• @Frostfyre I'd say so, yes. We have some incomplete serialized fiction, so there's precedent for partial works. Of course, you'll want to make sure you provide enough context for readers if your portion comes from the middle, and there should be some worldbuilding involved. But "applied worldbuilding", i.e. showing us what you've actually done with a world via a story or gaming module or whatever, is definitely in scope. If you'd like to discuss, please drop into the blog chat room (feel free to ping me; others are there too). – Monica Cellio Mar 23 '16 at 3:45
  • I sometimes think about writing a complete guide about creature design with respect to planetary (gravity, composition, distance from parent star etc) and ecological (place in evolutionary history, habitat type -terrestrial/aquatic/arboreal/aerial- etc) factors. But then I just take a deep breath and think about something else. That would take at least a couple of years to finish if I write one article every fortnight (which I can't, considering how sessile I am). :( :( Maybe somebody else would pick this topic up now that I mentioned it and write helpful guides for readers :) //(^_^)\\ – Youstay Igo Mar 27 '16 at 8:41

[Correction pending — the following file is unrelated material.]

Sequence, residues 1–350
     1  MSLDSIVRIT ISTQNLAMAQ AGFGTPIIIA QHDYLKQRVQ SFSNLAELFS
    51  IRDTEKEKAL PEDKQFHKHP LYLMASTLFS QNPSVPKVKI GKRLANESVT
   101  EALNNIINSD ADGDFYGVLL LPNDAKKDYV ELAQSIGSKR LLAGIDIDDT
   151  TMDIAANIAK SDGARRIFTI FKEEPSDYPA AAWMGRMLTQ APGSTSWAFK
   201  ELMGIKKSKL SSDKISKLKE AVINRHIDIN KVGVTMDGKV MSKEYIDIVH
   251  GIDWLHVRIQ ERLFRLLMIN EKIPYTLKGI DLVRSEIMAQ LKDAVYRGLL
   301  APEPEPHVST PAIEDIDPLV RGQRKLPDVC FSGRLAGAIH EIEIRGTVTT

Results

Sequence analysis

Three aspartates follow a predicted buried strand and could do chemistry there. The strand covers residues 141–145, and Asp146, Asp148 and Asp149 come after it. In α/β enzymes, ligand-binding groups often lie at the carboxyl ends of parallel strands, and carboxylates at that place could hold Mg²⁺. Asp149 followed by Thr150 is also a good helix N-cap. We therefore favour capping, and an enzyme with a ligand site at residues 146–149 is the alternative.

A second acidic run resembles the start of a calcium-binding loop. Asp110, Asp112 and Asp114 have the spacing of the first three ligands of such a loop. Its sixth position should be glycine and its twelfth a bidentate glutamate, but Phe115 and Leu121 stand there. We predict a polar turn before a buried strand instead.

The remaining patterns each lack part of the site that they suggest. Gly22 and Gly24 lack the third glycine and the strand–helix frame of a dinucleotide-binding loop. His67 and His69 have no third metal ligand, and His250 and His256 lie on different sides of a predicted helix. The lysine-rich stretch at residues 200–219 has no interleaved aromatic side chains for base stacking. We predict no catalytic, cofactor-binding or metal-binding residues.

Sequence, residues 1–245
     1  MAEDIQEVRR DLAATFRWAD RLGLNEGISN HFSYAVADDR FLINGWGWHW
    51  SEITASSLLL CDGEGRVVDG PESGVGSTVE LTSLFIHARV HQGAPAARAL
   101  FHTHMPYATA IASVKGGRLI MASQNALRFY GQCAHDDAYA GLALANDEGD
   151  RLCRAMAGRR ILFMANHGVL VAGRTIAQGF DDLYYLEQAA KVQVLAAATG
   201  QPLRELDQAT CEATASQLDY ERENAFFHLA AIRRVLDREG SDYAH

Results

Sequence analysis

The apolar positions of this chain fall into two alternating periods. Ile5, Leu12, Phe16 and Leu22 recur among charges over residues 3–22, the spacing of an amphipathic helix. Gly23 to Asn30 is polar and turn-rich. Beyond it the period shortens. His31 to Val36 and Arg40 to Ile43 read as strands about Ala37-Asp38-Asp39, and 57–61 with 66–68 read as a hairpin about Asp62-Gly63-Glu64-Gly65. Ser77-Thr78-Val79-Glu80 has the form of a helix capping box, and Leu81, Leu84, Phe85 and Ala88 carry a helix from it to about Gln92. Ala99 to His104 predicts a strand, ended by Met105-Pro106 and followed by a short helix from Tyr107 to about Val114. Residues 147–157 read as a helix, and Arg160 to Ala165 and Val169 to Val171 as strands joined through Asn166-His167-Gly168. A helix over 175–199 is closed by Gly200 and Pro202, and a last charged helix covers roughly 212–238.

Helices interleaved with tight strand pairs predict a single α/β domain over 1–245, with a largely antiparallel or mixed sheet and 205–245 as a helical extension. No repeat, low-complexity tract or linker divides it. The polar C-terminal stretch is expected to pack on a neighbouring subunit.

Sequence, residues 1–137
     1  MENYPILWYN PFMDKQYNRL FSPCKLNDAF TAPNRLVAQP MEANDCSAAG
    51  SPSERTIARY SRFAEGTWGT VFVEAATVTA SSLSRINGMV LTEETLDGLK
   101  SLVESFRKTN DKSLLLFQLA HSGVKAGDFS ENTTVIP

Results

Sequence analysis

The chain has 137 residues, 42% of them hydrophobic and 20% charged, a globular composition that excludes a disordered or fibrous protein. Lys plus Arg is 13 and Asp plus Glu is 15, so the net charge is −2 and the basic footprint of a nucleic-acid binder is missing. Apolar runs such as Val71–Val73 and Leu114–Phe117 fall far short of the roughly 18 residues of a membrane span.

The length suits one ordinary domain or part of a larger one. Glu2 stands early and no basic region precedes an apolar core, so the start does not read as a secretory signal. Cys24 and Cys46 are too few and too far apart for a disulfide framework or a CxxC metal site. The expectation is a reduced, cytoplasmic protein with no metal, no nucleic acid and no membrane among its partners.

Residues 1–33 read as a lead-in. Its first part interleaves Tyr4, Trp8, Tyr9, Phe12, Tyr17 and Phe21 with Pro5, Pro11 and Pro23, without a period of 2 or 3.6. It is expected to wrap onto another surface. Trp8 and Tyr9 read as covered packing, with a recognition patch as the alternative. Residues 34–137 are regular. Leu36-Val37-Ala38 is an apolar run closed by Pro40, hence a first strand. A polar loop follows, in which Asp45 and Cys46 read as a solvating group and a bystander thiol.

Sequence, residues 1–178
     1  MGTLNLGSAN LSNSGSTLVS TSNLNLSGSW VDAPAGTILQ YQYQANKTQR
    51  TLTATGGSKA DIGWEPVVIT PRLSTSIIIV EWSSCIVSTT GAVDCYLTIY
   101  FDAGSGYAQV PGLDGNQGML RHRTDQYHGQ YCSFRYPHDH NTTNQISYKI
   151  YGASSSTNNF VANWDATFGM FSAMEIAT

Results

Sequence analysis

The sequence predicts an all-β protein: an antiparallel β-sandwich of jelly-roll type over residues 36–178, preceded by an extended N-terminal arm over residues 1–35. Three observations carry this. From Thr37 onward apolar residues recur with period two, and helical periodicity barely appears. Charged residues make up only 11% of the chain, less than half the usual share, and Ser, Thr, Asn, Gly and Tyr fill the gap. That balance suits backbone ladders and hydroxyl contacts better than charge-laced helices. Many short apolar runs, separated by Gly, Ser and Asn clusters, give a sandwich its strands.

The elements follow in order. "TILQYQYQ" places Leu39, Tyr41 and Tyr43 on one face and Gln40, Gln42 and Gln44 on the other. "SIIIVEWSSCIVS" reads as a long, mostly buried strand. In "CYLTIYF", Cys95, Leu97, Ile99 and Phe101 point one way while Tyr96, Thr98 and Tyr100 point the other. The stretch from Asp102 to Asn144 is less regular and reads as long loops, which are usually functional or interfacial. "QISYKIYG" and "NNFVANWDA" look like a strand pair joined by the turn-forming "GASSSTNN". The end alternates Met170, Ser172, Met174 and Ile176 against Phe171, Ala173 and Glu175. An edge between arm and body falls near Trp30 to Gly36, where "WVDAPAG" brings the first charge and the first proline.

• @YoustayIgo well, you don't have to do all of it for it to be useful. A series of posts, at whatever frequency you (and others) can manage, each focusing on one dimension of the problem, would be incredibly useful. You've listed some things that I know I don't know enough about to get right without further guidance; I hope you'll write some posts and teach us. – Monica Cellio Mar 27 '16 at 16:39
  • Followup: Frostfyre's first post resulting from comments here is here: medium.com/universe-factory/… – Monica Cellio Mar 27 '16 at 16:45

How to Use Medium

Each time a new contributor has been brought on board, we've had to get them up to speed on the tools we're using - specifically, we've had to explain how to use Medium. This is through no fault of the fine folks who write for the blog, so we'd like to smoothen the onboarding process by providing this guide on how to get started writing for us on Medium.